3-day pill limit sparks fight
By Jim Saunders
3/2/2010 © Health News Florida
As Florida lawmakers try to crack down on notorious pain clinics, a debate is seething on whether to limit dispensing of pain pills to three days' worth. Such a cap would help in the fight against pill mills, advocates say, but it would also cut off a lucrative sideline for legitimate practices that can bring in $10,000 a month.
The Florida Medical Association and some other groups object to a provision in a House bill that would impose a 72-hour supply limit on often-abused drugs such as oxycodone, Soma, Xanax and Vicodin.
FMA argues that many doctors, such as oncologists or orthopedic surgeons, legitimately dispense those medications in their offices, sparing patients a separate trip to the pharmacy. Rep. Ronald "Doc" Renuart, a Ponte Vedra Beach Republican and physician, said the limit should be more narrowly tailored to apply only to pain clinics.
"We're still looking for the right way to filter between the legitimate care of patients in Florida and those who are just in it for profits'' and are hurting the state, Renuart said.
Despite the protests, the House Health Care Regulation Policy Committee on Monday approved a bill that includes the 72-hour dispensing limit and other proposals to stem the flow of drugs from the clinics.
Those drugs are carried to many other states that took effective steps earlier to curtail the illicit trade in prescriptions. The U.S. Drug Enforcement Administration says that all 50 of the top prescribers of oxycodone in the country are in Florida, according to a House staff analysis.
"This is a national issue,'' said Rep. Joseph Abruzzo, a Wellington Democrat who is a bill sponsor. "Florida's truly the gateway to supply the rest of the nation.''
Last year Florida lawmakers passed a bill to rein in the pain-management industry, including establishing a database of controlled substances dispensed in the state. But that database is at least a year away from reality, and continuing reports of flagrant drug abuse through the clinics is pushing lawmakers to pass additional measures during the 2010 legislative session.
During Monday's committee meeting, Capt. James Durr, commander of the Palm Beach County Sheriff's Office narcotics division, described the spread of prescription drugs in Southeast Florida: "Once where you could get crack cocaine and heroin on the street, now you can get pharmaceuticals.''
A group of students from Hialeah Gardens Middle School in Miami-Dade County also spoke in favor of the bill. They attended the meeting with science teacher Kerri Navarro, who told lawmakers of finding her mother dead in 2003 because of an overdose of prescription drugs.
The House bill's proposed changes include some that are controversial, such as requiring that pain-management clinics be owned by physicians and placing doctors at risk of disciplinary action if their clinics advertise controlled substances.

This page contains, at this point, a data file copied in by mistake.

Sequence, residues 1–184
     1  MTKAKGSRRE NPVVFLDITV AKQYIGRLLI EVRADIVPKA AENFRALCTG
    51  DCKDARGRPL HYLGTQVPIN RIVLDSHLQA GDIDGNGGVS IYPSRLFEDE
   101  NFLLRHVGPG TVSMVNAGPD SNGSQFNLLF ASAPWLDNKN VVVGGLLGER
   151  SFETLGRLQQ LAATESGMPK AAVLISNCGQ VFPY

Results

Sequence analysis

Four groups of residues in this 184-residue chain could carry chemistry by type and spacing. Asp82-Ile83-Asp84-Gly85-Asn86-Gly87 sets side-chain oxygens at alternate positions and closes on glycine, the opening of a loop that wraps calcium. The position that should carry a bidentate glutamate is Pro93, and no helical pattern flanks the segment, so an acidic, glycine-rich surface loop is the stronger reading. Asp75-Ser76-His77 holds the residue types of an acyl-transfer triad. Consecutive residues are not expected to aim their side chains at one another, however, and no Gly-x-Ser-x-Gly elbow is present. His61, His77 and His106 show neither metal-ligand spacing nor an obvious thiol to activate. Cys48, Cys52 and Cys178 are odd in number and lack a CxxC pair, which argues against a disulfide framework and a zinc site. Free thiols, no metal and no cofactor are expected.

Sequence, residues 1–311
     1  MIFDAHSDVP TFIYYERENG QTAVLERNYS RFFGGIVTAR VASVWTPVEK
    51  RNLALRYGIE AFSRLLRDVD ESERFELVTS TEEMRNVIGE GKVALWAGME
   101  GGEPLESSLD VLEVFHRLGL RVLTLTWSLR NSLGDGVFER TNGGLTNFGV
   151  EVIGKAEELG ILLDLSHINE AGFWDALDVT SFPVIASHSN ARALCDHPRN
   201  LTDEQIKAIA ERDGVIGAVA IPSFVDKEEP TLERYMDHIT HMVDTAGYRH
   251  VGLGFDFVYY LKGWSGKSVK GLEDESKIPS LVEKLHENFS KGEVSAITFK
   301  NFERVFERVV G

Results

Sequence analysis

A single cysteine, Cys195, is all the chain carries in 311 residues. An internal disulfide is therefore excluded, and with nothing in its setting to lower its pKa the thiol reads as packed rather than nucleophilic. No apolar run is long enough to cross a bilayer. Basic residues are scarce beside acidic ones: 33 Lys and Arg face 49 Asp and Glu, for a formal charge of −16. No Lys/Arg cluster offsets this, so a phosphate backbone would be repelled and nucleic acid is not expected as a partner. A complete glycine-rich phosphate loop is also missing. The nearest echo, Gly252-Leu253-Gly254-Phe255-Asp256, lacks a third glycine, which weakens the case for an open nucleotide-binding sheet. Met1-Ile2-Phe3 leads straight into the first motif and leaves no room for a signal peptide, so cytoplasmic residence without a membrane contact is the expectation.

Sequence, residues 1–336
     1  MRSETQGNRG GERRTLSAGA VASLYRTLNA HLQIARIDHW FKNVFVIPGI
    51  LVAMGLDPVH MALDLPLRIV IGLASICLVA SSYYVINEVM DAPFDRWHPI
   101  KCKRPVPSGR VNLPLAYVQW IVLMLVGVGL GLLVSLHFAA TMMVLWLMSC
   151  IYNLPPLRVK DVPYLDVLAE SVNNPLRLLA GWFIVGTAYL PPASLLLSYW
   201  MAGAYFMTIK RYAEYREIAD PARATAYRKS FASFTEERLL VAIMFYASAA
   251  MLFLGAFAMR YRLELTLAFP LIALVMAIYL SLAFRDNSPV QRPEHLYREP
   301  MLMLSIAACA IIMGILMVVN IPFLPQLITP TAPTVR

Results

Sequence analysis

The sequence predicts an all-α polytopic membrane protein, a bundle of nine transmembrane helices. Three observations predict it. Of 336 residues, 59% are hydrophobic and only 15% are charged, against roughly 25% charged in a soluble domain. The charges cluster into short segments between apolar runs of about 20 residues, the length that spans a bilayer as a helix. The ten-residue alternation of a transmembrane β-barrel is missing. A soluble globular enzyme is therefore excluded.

But the debate Monday focused heavily on the part of the bill that would prevent doctors from dispensing more than a three-day supply of potentially addictive drugs.
While most doctors simply write prescriptions for patients to get filled at a pharmacy, some become "dispensing physicians" by registering with the Department of Health and paying $100. According to a House staff analysis, about 7,100 physicians are registered to dispense drugs in the state.
Tallahassee orthopedic surgeon Steve Jordan told the committee that doctors have legitimate reasons for dispensing drugs. As an example, he said, many patients have problems getting around, making it more convenient to get medications from their doctors.
Renuart briefly proposed --- and then withdrew from consideration --- a change to the bill that would have sought to exempt most doctors from the three-day rule. The proposal would have barred pain-management clinics from dispensing more than 72 hours' worth of pills to patients who pay with cash or credit cards.
Jeff Scott, general counsel for the Florida Medical Association, said the physicians' organization opposes the broader 72-hour restriction in the House bill but supported Renuart's proposed change. The proposal would have tried to differentiate between cash buyers and legitimate patients, whose care is more likely to be covered by insurance.
"The problem (is) the clinics that see nothing but cash-paying patients,'' Scott said.
Rep. John Legg, a Port Richey Republican who also is sponsoring the bill, said the three-day supply limit is important to the bill. He said pain clinics will find ways around other regulations, but that the 72-hour provision can help serve as a "breaking point.''
Allan Escher, a board-certified pain specialist and member of the Florida Board of Osteopathic Medicine, told Health News Florida that dispensing is "where the money is," especially for generics, where the markup is huge.
Escher was a dispensing physician doing full-time pain control until about a year and a half ago, when he went back to anesthesiology for a break, he said. In his practice, dispensing brought in $8,000 to $10,000 a month in insurance payments. That, he said, was "small potatoes" compared to pill mills that do a cash business.
Escher served as co-chair on a joint committee of the state's medical boards, which were charged with drawing up rules for pain clinics. The rule adopted by the osteopathic board last weekend and scheduled for a vote by the Board of Medicine on Wednesday does not include a 3-day limit on dispensing.
So the three-day limit on dispensing is up to the Legislature.